With 70% of Americans living paycheck to paycheck today and the lessons learned from the 2008-2009 recession, you'd just think we'd be doing a lot more now to make sure we handle the next challenge better than we did in the past, but I've yet to see that happen. So, have your April Financial Literacy month this year and next year and the next year, but does anyone really care?

April Is Financial Literacy Month - Does Anyone Really Care?

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Monday, July 2, 2012

Nursing Prerequisites Courses Online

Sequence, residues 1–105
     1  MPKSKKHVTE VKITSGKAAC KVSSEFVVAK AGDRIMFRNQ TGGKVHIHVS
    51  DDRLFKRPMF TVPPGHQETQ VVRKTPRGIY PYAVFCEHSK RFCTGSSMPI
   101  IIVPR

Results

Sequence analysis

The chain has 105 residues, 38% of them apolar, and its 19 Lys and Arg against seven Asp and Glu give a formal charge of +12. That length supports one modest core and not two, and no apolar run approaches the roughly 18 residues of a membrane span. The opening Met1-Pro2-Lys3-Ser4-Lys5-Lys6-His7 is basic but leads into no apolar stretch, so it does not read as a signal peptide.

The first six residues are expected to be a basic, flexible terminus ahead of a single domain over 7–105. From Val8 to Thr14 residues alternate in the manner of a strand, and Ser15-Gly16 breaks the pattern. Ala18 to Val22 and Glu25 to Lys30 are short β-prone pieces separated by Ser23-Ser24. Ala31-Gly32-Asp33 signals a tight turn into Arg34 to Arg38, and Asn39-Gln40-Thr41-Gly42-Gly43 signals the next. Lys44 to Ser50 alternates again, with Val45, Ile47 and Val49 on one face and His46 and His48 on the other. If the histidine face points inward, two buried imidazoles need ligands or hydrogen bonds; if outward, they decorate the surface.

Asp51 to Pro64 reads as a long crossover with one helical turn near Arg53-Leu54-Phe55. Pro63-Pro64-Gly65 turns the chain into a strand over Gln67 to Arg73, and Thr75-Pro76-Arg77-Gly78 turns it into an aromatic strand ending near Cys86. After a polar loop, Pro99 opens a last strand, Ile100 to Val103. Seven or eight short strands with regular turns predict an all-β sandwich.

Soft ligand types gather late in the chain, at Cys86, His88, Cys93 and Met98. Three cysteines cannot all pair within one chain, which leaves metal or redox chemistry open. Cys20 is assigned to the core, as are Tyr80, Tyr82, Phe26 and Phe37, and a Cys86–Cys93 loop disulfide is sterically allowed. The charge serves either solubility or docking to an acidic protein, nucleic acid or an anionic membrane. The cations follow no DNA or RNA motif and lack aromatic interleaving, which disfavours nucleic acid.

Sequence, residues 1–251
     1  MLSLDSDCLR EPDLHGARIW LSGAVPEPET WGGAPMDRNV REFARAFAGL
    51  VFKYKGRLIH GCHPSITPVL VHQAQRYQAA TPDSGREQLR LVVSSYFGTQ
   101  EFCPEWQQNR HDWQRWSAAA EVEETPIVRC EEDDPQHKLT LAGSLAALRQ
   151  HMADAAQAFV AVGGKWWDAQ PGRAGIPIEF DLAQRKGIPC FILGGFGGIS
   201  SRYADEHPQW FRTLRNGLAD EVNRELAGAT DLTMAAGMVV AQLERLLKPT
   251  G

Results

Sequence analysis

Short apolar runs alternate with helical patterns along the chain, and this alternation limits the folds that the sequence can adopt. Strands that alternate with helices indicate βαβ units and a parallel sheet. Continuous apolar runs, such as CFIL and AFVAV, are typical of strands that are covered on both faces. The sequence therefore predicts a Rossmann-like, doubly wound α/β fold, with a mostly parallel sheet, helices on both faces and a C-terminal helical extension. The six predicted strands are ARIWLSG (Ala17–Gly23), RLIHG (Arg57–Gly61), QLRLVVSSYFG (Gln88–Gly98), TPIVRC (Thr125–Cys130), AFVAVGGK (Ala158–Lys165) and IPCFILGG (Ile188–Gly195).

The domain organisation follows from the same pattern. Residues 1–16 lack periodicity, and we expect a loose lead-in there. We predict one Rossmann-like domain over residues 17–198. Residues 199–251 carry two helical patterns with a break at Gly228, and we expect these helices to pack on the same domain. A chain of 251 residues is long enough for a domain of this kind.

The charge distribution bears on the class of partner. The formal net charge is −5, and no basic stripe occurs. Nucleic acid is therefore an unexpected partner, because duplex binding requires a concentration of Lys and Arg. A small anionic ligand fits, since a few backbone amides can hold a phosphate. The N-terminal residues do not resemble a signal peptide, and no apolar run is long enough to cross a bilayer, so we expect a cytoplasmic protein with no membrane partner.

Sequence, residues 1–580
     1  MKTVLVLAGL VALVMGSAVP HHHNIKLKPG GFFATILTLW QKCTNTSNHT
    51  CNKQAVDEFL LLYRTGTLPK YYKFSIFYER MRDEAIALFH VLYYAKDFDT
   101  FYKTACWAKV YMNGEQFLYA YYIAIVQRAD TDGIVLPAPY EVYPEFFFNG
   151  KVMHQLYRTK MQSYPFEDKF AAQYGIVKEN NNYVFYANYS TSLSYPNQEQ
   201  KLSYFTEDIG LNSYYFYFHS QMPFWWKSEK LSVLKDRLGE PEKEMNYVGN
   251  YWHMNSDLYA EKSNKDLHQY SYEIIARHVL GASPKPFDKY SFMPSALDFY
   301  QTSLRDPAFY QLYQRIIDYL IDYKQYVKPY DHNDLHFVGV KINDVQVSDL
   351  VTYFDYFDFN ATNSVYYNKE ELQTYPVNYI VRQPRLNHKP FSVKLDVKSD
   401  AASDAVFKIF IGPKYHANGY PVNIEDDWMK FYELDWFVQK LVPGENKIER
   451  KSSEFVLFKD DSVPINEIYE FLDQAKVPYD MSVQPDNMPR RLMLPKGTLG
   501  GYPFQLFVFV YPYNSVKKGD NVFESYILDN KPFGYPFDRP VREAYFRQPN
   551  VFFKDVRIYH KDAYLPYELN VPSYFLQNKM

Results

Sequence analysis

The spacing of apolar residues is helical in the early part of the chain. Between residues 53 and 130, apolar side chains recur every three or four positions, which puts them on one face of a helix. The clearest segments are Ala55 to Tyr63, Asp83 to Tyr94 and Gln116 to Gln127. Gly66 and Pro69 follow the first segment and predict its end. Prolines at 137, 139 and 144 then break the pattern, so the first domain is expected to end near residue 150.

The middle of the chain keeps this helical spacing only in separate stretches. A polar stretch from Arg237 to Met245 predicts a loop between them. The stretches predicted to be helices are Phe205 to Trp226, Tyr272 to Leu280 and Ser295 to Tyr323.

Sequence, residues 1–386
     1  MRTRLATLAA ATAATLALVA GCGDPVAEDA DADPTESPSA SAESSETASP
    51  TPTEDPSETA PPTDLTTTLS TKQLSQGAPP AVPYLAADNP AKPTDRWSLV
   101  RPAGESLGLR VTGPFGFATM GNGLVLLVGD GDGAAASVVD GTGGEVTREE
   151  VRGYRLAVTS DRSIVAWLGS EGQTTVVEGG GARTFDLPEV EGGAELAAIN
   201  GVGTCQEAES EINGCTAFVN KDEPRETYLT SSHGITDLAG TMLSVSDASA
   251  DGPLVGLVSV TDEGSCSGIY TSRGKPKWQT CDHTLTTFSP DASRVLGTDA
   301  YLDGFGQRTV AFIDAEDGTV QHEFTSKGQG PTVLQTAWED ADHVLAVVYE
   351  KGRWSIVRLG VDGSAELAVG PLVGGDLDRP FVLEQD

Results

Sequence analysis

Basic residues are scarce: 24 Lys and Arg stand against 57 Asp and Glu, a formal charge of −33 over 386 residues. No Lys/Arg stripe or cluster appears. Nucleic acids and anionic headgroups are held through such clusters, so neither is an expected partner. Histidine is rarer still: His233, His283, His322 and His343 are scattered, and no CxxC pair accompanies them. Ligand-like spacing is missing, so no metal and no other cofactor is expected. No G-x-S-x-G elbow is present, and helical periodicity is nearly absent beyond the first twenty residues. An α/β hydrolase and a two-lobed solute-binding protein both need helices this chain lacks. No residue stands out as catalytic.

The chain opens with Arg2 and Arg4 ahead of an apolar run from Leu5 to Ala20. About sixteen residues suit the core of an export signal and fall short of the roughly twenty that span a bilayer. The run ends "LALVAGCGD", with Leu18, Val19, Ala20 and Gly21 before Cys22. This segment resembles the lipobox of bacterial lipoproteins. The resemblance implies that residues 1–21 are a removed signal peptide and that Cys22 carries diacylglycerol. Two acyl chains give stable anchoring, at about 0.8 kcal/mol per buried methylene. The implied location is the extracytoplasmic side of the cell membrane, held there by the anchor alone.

Duquesne University School of Nursing offers several online graduate nursing programs, which includes two PhD nursing online programs. It also affords graduate students to complete all necessary nursing prerequisites courses online. Degrees may be complete with little or no on-campus attendance, utilizing the school's state-of-the-art learning technologies and the Internet. When compared to on-campus courses, nursing courses taken online are identical in their objectives and rigor. Online students pay the same tuition as on-campus students; online course credits are structured no differently than the same course taken in a classroom. Whether a student chooses to take all nursing courses online or in combination with on-campus study, their diploma, certificate, or transcript will bear no distinction from that of a traditional Duquesne on-campus student. However, students are required to visit the campus once a year for a period of one week, which is usually the week prior to Thanksgiving. All applicants to the online graduate nursing programs must have fulfilled the following nursing prerequisites prior to admissions: